GTK’s main layout component is the GtkGrid widget, which roughly corresponds to CSS grids & flexboxes (for the latter Gtk used to have GtkBox, but they found GtkGrid filled the need). And I got a fair bit of interest when a mentioned this the other day.
Odysseus uses it as well, to:
- Group headerbar items, especially the addressbar.
- Layout popovers and autocompletion entries.
- Position the the infobars and the download bar around the WebView
- Layout download info.
To compute it’s size along a single dimension, GtkGrid figures out how many lines it has (a simple MAX() operation) and allocates an array for it, marking any lines to be expanded.
Then it uses dynamically-dispatched recursion and a MAX() operation to compute the size minimum and natural size for each line, before computing the alignment for each widget.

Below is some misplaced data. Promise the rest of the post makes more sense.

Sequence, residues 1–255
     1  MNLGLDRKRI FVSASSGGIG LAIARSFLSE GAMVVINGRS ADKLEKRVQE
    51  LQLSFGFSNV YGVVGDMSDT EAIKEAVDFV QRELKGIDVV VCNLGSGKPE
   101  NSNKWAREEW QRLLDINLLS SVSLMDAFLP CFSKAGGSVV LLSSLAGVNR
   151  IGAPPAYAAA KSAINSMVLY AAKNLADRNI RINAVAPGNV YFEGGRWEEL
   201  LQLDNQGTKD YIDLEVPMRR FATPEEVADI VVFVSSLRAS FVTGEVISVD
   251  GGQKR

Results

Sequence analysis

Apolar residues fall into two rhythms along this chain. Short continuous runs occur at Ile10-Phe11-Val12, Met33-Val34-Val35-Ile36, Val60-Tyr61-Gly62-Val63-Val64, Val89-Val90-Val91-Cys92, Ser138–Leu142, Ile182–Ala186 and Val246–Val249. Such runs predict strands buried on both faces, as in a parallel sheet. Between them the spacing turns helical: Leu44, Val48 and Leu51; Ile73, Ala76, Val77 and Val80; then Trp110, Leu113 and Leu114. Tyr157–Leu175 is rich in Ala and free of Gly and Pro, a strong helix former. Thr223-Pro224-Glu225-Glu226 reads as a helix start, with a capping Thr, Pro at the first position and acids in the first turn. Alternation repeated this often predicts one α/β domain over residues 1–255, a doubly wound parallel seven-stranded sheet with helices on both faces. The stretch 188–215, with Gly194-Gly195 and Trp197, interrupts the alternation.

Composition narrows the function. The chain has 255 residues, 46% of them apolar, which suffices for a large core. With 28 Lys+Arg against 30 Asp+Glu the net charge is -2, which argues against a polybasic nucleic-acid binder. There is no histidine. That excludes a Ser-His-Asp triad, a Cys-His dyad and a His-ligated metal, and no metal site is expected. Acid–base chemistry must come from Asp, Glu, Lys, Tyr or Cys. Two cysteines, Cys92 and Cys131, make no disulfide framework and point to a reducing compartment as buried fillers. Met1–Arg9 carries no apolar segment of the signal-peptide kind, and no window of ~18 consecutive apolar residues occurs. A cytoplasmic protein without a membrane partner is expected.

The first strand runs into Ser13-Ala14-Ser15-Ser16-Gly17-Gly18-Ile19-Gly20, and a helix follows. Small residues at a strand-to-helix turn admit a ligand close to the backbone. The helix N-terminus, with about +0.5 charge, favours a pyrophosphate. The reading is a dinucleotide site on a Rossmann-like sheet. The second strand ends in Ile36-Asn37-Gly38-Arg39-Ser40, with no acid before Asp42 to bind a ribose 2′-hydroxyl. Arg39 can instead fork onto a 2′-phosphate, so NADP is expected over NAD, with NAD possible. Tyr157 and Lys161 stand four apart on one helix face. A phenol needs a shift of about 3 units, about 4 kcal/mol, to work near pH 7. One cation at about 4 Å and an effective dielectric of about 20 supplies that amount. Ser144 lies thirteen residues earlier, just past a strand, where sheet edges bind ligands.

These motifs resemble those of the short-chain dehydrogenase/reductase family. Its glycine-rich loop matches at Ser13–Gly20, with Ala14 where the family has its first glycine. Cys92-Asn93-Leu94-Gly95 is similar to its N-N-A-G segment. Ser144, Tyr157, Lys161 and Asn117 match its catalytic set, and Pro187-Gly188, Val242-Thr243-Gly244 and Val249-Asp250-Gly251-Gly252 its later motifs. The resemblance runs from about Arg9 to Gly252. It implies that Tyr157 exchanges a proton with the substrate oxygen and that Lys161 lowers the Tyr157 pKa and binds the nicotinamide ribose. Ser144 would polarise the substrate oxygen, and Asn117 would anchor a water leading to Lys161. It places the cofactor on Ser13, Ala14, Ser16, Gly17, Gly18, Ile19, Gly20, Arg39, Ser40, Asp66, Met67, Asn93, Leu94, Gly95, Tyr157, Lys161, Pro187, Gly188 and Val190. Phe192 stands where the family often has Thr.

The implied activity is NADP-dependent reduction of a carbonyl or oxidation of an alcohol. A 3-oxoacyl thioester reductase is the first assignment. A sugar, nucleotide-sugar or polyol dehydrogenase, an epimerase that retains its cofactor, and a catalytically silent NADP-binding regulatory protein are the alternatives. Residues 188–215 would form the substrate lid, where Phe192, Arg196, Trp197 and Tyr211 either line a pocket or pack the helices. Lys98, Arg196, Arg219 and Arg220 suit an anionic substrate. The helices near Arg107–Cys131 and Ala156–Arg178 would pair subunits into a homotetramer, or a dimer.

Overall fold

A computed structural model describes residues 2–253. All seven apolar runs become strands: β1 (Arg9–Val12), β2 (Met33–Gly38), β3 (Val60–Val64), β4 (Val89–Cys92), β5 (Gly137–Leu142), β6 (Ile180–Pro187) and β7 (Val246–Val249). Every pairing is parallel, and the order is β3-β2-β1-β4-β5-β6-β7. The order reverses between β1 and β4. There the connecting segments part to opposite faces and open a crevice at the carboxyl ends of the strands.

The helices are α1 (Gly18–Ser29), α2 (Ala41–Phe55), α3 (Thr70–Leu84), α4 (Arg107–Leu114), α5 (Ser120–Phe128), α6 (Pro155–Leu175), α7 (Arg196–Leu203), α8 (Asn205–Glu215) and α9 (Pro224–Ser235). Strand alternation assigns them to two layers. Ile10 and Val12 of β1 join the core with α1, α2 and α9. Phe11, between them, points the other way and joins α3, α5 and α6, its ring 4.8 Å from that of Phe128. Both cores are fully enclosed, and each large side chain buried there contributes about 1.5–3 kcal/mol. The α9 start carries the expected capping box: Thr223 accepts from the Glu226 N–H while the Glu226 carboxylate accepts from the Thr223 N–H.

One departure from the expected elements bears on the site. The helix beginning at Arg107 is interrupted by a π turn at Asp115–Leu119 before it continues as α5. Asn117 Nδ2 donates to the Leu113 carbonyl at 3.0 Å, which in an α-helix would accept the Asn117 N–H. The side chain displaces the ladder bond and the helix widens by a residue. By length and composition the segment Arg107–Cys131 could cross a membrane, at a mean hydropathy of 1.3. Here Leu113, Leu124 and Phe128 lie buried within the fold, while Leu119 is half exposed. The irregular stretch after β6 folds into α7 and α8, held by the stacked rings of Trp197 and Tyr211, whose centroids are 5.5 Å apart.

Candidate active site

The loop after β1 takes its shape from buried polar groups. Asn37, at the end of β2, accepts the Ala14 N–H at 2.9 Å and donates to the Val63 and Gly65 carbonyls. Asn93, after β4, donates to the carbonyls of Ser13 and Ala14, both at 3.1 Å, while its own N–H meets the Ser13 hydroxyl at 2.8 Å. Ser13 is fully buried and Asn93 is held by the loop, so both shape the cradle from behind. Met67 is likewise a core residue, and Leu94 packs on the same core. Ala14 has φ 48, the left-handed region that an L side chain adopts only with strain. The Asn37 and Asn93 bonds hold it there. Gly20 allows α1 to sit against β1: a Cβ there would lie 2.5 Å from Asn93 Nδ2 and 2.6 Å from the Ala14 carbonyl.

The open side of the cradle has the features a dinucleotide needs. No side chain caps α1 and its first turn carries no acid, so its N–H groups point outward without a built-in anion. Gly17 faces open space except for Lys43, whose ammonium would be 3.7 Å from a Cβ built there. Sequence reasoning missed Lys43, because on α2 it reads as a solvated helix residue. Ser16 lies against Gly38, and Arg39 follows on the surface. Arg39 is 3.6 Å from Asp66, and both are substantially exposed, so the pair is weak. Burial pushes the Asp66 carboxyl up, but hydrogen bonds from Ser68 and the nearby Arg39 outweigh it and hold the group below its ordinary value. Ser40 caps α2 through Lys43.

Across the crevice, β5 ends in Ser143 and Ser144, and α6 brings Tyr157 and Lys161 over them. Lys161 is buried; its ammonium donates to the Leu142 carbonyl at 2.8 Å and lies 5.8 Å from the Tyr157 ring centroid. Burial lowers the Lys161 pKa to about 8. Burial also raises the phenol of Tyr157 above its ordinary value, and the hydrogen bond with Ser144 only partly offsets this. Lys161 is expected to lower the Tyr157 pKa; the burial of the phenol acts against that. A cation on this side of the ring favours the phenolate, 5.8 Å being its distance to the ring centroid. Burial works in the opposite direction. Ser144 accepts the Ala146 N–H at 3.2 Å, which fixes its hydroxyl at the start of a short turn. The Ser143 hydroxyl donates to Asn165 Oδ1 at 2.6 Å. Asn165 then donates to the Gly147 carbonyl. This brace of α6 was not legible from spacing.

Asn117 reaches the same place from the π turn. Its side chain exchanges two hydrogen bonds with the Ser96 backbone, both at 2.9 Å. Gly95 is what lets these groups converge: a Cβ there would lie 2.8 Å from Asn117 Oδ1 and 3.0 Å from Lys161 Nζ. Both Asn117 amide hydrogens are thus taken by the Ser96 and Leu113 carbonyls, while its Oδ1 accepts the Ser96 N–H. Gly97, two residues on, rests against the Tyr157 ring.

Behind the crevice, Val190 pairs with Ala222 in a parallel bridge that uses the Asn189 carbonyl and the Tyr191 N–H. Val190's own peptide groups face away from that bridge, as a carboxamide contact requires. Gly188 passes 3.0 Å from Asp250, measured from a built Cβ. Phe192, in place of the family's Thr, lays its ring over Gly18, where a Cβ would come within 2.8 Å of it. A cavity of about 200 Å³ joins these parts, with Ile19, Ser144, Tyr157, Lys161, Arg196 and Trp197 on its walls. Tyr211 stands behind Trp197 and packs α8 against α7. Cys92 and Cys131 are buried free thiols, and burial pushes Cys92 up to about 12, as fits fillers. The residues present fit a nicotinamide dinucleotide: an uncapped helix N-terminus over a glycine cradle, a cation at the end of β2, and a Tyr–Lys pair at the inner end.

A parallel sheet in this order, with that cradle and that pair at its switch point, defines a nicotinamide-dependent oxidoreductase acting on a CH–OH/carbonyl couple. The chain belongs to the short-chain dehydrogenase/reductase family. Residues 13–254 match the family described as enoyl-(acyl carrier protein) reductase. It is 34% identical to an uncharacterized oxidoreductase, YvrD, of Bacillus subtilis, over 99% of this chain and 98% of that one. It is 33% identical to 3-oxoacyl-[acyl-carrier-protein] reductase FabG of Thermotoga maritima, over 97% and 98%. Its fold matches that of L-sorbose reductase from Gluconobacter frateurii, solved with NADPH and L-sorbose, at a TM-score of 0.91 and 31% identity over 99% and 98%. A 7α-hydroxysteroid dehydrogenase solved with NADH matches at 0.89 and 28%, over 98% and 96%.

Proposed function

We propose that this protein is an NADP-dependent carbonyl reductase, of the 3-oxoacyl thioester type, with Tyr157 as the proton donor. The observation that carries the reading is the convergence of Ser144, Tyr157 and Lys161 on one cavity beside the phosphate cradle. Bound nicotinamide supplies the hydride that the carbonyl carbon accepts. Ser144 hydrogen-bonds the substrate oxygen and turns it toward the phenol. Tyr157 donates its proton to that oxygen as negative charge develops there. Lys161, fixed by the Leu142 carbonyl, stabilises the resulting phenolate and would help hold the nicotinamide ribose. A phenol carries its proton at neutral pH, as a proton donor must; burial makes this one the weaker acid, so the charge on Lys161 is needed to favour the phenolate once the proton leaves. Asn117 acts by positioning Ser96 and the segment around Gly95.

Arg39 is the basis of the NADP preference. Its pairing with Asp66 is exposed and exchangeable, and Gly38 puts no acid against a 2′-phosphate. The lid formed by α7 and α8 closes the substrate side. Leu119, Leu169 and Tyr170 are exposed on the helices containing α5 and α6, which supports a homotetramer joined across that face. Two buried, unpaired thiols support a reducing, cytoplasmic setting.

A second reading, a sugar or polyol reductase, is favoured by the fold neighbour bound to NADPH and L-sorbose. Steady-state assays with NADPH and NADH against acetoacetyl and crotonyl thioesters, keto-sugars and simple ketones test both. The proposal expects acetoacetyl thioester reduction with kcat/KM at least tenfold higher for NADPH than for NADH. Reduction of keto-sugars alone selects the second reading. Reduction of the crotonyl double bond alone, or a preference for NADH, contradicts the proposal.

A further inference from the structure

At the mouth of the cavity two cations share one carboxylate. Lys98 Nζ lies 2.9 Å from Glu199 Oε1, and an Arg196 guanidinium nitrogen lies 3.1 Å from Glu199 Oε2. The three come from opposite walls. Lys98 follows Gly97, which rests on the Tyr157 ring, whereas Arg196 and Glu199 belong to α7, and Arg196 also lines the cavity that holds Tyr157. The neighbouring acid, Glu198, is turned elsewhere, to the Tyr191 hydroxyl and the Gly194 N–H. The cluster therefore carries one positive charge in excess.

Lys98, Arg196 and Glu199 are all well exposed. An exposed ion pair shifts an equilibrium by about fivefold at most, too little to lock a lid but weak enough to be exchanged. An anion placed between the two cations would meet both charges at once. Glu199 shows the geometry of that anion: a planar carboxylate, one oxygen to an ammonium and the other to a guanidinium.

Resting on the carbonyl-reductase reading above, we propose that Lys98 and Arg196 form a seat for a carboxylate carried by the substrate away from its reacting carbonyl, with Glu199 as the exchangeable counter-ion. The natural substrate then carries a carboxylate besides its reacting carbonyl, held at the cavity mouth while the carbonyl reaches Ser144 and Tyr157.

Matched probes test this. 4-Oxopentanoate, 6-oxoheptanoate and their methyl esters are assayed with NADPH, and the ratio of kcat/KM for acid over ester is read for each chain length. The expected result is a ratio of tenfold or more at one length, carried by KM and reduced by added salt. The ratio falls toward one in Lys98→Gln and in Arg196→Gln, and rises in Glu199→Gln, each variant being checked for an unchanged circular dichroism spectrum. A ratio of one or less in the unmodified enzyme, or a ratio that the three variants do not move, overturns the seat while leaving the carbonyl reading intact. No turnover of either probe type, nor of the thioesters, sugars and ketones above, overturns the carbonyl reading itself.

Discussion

Then it considers widgets spanning multiple lines, with multiple formulas to expand line sizes if needed.
Before and after handling the multi-line widgets, GtkGrid may optionally apply another MAX() operation to ensure all lines are the same size.
From there it computes a count of how many nonempty lines there are and how much whitespace to add, before summing it up with the column sizes.
Once that size is computed any extra space is distributed between the lines, before computing sizes for the other dimension.
The rest of GtkGrid is pretty unremarkable.
Once the size is finalized, information is looked in those arrays to be forwarded to it’s children. For it’s parent class to render via dynamically-dispatched recursion.
And all these children are stored in a linked list alongside their column and row numbers.